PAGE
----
LAN Airlines recently received a question from a frequent flyer: “We have five days in Buenos Aires. What are some of the must-see things to do that are not the general tourist activitites?” We thought it made a good topic for the Only in South America blog. My five recommendations follow.
Photo: Emmanuel Iarussi
Lots of travelers plan trips to Argentina in January – a few weeks that happen to be the hottest (and quietest) of the year in Buenos Aires. But there are benefits to spending a few days in the capital city this month: since many locals are away on vacation, there’s lighter traffic and shorter wait times at popular restaurants. Here, a few ideas of where to go and what to do in January to take advantage of an emptier-than-usual city.
Photo: Ivan David Gomez Arce
December is a big deal in Colombia, and not only because of the Christmas season or because everyone is on vacation. The end of the year also brings the Feria de Cali, a multi-day salsa extravaganza (salsastravaganza?) that packs the streets of this southwestern city with parades and dancers of all levels. People practice for months to show off their best moves, so prepare to be blown away by some of the country’s most talented dancers and a city that really knows how to party.
New Year’s Eve is quickly approaching, which means if you’re coming to Peru for the festivities, you should start making plans for how you’ll say goodbye to 2014 and ring in 2015 now.
The epicenters for New Year’s Eve celebrations in Peru are Lima and Cusco, though parties and festivals go down in every city throughout the Andean nation. For a no-frills celebration, reach out to your hostel or hotel to ask what it has planned. Depending on the property, you can expect everything from a simple champagne toast at midnight to a raging party that continues into the wee hours of the morning.
If hitting the bars and clubs is more your thing, keep reading.
Photo: Alihf Esparza
It’s that time of year again. Whether you celebrate Thanksgiving (Nov. 27), Hanukkah (Dec. 16-24), Yule (Dec. 21), Nochebuena (Dec. 24), Christmas (Dec. 25), Kwanzaa (Dec. 26-Jan.1) or something else entirely, chances are sometime within the next month, you, your family and your friends will gather ’round the dinner table to express your blessings and share a meal together. And while tradition – I’m talking foods like turkey to latkes and everything in between – is nice, sometimes it’s worth spicing up the holiday spread.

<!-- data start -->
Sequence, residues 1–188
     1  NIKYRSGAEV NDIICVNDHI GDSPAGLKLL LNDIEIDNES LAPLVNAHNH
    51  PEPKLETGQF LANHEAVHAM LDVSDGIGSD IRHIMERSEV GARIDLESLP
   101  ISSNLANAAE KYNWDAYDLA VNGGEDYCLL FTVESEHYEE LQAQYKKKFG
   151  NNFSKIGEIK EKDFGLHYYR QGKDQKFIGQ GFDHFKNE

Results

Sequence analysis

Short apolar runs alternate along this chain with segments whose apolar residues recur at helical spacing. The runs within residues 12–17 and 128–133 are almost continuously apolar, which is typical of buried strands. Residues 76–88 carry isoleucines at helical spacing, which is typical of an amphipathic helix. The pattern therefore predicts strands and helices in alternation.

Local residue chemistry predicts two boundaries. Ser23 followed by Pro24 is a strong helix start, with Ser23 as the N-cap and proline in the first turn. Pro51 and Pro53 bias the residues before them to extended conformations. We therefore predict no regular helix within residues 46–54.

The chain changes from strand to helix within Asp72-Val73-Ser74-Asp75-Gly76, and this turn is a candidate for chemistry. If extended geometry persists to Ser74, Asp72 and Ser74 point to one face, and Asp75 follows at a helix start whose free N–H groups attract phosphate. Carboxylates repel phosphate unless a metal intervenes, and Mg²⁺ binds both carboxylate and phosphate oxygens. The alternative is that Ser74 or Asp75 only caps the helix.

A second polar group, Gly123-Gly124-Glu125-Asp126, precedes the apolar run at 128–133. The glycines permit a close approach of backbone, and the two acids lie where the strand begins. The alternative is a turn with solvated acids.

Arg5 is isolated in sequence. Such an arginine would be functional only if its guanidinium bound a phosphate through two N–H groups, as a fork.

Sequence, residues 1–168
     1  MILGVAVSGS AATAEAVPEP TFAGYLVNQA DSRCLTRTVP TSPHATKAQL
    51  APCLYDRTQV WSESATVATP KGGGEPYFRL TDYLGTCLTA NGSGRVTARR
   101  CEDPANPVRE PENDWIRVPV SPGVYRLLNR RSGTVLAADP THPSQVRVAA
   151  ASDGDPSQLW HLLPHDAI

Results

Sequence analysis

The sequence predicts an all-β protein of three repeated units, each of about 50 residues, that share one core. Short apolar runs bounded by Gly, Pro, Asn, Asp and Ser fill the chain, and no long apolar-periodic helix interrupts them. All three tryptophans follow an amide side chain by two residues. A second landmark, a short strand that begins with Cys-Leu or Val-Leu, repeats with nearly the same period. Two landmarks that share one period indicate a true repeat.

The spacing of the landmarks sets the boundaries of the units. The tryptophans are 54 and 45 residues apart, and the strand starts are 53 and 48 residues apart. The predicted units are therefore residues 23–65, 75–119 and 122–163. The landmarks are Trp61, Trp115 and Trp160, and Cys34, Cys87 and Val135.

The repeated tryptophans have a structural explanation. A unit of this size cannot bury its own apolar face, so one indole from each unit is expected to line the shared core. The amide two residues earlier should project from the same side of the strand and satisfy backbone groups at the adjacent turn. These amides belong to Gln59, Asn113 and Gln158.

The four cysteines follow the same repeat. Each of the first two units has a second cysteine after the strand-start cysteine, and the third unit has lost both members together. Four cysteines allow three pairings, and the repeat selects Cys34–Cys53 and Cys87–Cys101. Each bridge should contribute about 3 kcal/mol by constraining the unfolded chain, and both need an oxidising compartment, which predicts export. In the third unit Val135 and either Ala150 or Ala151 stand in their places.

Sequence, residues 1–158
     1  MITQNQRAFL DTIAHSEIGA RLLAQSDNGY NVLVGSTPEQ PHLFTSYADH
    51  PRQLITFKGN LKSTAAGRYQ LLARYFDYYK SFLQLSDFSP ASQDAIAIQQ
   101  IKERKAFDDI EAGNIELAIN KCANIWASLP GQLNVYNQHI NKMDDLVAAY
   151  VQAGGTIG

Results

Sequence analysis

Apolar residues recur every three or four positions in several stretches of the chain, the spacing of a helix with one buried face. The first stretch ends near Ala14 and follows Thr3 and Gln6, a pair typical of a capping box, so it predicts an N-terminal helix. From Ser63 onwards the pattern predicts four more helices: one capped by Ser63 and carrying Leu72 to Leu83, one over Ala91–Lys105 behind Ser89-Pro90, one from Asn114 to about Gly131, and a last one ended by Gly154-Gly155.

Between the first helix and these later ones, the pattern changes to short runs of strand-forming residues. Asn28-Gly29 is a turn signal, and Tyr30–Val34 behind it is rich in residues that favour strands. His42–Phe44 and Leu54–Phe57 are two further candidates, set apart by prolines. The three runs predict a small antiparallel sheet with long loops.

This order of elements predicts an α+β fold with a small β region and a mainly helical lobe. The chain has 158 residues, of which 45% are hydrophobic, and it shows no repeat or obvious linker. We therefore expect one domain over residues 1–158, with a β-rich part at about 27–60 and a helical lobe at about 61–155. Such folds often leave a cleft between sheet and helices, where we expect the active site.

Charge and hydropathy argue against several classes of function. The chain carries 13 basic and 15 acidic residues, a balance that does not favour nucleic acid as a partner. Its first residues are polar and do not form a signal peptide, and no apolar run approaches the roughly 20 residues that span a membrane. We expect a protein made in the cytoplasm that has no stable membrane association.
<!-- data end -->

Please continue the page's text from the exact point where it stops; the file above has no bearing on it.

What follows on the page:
Colombia is famously a nation of distinct regions – and perhaps even more famously a nation of strong musical tradition. Every part of the country has given rise to or adopted its own distinct musical style, from cumbia on the Caribbean coast to the piping Andean melodies in the southwest. But perhaps no place takes its musical birthright as seriously as the northern city of Valledupar, the proclaimed cradle of the folk style known as vallenato.
If you go to Valledupar looking for something other than vallenato, you may run out of activities fairly quickly, but there’s a certain charm to taking a long lunch – and then maybe a nap to avoid the brutal midday heat – and relaxing in the central plaza with a cup of icy pineapple juice.
Photo: Terra Hall
Alakazam, alakazoo, witches roam the streets of Lima, Peru.
With Halloween just around the corner, I decided to head to Lima’s Mercado de las Brujas, or Witches’ Market. While these witches don’t wear pointed hats or fly on broomsticks, they do cook up powerful potions and folk remedies said to cure everything from a hangover to a broken heart.
Photo: Jorge Lascar
Tourists visiting Buenos Aires for the first time always ask the same question: where can we watch tango? The answer isn’t so straightforward – but for the sake of simplicity, you generally have three options: on the street, at a milonga (tango club) or at a tourist-oriented tango show.
Photo: McKay Savage
It all started in 1968 when U.S. President Lyndon B. Johnson proclaimed that he wanted to celebrate one of the fastest growing populations in America – Latinos. Thus, National Hispanic Heritage Week was born. Fast forward to 1989 and that week-long observance was turned into a full month of celebrating the culture and traditions of people who are from or trace their roots to Spain, Mexico or the Spanish-speaking nations from Central America, South America and the Caribbean.
Hispanic Heritage Month kicks off each year on Sept. 15 and it’s for good reason – this day is Independence Day for Costa Rica, El Salvador, Guatemala, Honduras and Nicaragua. Additionally, Mexico and Chile celebrate their Independence from Spain on Sept. 16 and Sept. 18, respectively.
While Peru commemorates its Fiestas Patrias - the day the nation broke away from Spain – on July 28, Peruvians by birth and by association (you know, those who just love all things Peru) can still celebrate the Andean nation through Oct. 15.
Here’s our three-step guide to celebrating this month-long American tradition with an air of Peruvian flair!